In “Squeeze and Me” Squeeze fans get to tell their story. Here’s David Clifford’s story:
It is Friday the 25th of September 2015 and I find myself in the somewhat sterile and unimpressive foyer of the Plymouth Pavilions – a sports arena and concert venue that rose out of the old Millbay railway station site in 1991 – and immediately looked dated. However, the décor and uncomfortable attitude the building exudes, pales into insignificance compared to the feeling of euphoria I have. And what has bought about this euphoric state I hear you ask? Well, I have just witnessed – for the first time – a concert by (in my opinion) the best band in the world; Squeeze. Not only that – after the aural ecstasy – I and many of the other Squeeze fans there, got to meet the complete Squeeze line-up, to have items autographed, photos taken and a little chat with our heroes. So I’m literally rubbing shoulders with people – that up until recently were shadows on the TV screen, the lyrical voices in my ears, the authors of words, the purveyors of tunes – musically deities that I have worshipped nonstop for the last few years.
Now, diehard Squeeze fans may stop at this point and scoff at my grand total of one concert and deride my lack of longevity when it comes to Squeeze fandom. But my musical story is a long one and a journey that I would like to share with you: but to do so, we need to go back, back in time……..
Cue the echo and fade out of my repeated words and the wavy lines (indicating reverse time travel).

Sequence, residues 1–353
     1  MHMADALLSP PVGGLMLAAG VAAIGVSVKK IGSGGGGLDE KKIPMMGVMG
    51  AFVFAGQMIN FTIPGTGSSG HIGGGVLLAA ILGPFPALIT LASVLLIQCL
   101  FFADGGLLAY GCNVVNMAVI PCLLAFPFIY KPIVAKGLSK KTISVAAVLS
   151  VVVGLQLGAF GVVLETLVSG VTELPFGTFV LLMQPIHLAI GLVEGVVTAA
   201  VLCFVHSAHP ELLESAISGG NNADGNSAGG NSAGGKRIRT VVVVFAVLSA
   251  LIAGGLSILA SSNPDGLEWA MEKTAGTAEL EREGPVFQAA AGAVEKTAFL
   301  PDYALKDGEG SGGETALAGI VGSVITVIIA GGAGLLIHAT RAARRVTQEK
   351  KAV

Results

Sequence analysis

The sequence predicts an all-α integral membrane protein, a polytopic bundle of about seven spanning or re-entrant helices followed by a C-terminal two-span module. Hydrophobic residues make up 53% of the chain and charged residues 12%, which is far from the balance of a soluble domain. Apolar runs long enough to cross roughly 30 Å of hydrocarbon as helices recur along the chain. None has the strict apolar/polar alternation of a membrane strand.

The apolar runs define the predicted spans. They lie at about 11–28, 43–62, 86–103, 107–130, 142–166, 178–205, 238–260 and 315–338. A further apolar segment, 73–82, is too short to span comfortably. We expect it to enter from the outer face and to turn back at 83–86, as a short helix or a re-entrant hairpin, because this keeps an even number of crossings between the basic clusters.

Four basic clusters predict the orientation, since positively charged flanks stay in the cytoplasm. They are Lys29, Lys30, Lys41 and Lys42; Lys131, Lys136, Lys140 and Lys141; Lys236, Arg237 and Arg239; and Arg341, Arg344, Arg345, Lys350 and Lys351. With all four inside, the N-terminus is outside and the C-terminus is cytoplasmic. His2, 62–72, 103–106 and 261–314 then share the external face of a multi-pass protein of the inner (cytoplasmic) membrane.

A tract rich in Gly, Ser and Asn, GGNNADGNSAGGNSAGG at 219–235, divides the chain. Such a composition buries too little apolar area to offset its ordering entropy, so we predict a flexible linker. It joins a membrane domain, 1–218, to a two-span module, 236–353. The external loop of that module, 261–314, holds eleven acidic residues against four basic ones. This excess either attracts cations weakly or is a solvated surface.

I am a product of the 60s, born a few months before Nobby Stiles danced around Wembley stadium holding aloft the Jules Rimet trophy. Therefore, I missed out on the 60s as a musical decade and was catapulted straight into the 70s. But – I took no notice of my older siblings and their glamorous rock; the raucous Brummie wailing of Slade or the be-flared and tartaned love songs of the Bay City Rollers. Instead I took solace in an old Dansette record player and re-released singles from the 60s; Lulu, Petula Clark, The Archies and Millie. These artists – and the limited output I had available – were my songs of choice.
Then as the 70s progressed, I went from short trousers and a school cap, to a full blown uniform of the local grammar school. Things started to change; life and music became edgier, there was more angst and the pre/early teen years saw dalliances with punk and the mod beats of The Jam. The Ska musings of The Specials alongside the nutty boy sounds of Madness. Squeeze were around, but they didn’t seem to hit the right note (certainly not for this teen) but music wasn’t a necessity for me then. It wasn’t something that I necessarily needed, life bumbled along with or without it – until December 8th 1980 – then everything changed.
I can remember where I was and what was said at the time. The death of John Lennon was my JFK moment. Suddenly, the one thing I didn’t know I needed was gone! Within the blink of an eye a musical icon disappeared and I wanted to know more. All of a sudden I needed to know everything about John Lennon and The Beatles. Thus an obsession started that was to continue throughout the years ahead.
1980 was the turning point. Now music was important. Now I needed it more than ever, just in case we were to lose another icon so tragically. The Beatles were the start and the pinnacle of my desire to learn more. I started collecting books, videos, vinyl, CDs, magazines, I collected all I could – but I found it wasn’t just The Beatles. I started reading the music press; Sounds, NME. I was obsessed with the charts, going so far as to compile my own chart, with a scoring system that tried to predict the next week’s top ten. I started reading The Guinness Book of Hit Singles, collecting each new edition. Music was now so important that I started to play drums, guitar and keyboards (each failing miserably)! I clearly wasn’t a musician … but a music fan, yes.